Chicken Coop Restoration Part 1

February 28, 2017 at 6:01 pm

 

One of the wonderful things about our homestead is that we inherited several outbuildings. We have a large post-and-beam barn (40 x 60), equipment shed (16 x 24), storage shed (14 x 24 + lean-to), and a rather large chicken coop turned racing pigeon coop (14 x 24). Yes, you read that right. The previous owners really loved their racing pigeons and converted a perfectly good chicken coop into a palatial (for a pigeon) loft! Unfortunatly, the barn is the only structure in good shape, having been rebuilt by the previous owner. The rest of the outbuildings are in various states of disrepair.

Since we’re starting the new year off with a focus on sustainability, it’s time to look at our outbuildings and restore them to their former glory! Or at least, to a usable state. The first project will be to rebuild the chicken coop and get some birds in!

About the Chicken Coop

External view of the chicken coop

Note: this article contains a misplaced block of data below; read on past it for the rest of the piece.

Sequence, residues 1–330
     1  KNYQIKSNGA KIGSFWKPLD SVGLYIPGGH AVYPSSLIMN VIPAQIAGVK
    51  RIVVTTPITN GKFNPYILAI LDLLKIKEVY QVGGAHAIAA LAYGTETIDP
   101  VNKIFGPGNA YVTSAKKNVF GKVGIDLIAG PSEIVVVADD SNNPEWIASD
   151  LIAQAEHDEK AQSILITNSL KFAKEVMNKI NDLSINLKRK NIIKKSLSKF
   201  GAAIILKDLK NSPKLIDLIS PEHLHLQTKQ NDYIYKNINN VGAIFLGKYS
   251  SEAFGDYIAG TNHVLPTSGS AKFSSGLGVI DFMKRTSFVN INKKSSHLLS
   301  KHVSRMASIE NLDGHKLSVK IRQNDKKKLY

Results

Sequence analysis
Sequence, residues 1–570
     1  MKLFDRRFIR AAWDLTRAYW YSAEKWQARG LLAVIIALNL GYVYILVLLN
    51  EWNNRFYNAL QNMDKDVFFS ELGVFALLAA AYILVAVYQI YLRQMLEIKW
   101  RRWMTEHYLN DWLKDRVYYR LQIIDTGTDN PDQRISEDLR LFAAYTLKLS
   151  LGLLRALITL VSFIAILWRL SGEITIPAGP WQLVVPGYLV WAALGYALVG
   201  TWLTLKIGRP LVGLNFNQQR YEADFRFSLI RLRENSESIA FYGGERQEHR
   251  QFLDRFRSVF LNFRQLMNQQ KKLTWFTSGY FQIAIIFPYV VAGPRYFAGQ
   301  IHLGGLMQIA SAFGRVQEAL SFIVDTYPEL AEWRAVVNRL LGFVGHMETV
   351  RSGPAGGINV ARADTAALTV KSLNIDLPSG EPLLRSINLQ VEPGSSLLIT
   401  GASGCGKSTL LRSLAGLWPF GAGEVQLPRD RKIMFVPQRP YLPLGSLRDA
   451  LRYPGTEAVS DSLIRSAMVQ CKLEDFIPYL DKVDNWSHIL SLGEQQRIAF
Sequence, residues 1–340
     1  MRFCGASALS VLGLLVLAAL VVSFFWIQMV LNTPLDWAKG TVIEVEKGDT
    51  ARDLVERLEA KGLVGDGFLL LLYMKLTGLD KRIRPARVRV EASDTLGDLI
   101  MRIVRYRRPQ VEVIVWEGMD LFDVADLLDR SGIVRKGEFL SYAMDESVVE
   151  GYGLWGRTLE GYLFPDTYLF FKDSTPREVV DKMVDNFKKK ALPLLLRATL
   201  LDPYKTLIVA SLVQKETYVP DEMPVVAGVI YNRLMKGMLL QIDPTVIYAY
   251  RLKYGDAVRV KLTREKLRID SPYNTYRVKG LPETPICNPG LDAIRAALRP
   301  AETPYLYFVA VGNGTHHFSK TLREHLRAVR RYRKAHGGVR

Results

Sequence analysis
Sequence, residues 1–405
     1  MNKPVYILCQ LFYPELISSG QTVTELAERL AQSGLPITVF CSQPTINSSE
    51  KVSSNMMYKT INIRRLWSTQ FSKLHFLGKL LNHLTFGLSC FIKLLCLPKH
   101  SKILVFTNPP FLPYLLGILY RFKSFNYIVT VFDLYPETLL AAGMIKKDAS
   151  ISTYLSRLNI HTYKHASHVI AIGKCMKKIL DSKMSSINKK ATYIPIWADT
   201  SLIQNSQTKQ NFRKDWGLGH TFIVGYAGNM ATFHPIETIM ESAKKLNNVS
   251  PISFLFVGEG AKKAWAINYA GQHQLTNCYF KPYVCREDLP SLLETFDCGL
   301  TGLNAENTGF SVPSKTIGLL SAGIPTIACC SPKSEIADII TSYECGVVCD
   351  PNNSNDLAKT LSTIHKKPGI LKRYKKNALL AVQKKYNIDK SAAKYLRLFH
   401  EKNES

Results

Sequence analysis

The Coop is a semi-insulated structure, elevated on piers, with a door on the short end closest to the house. It has several windows along the south wall, electricity, and a freeze-proof yard hydrant, and is in desperate need of a paint job amongst other things. Inside, there are two large rooms separated by wall. Each of those rooms has a wired off coop area and an open area. The previous owners must really have loved their racing pigeons to build such a large structure for them!

Original layout of chicken coop

Plan for the Chicken Coop

In addition to the basic cleanup of the building, the goal for the coop project is to make it able to hold a brooder in two weeks. As part of that, we want to do three main things: extend the interior coop wall to include the exterior chicken door, create removable roosting space, and build exterior-accessible nesting boxes.

  1. By extending just one section of the coop to include the exterior chicken door, we can keep more room for storage of supplies for the birds and other critters. If we end up running more birds than this space allows, I can always extend the entire wall.
  2. The roost space will be angled and removable. When brooding chicks, the roost will come out and the hover-brooder will go in the corner.
  3. Finally, having nesting boxes that we can access without having to go into the coop itself is just easier in the long run. I would very much like to have roll-out nesting boxes, but they tend to be expensive and we already have enough expenses rehabbing the coop this year.

Planned layout for chicken coop

So, what do you think?

Next Up, in part 2: The Great Cleanup!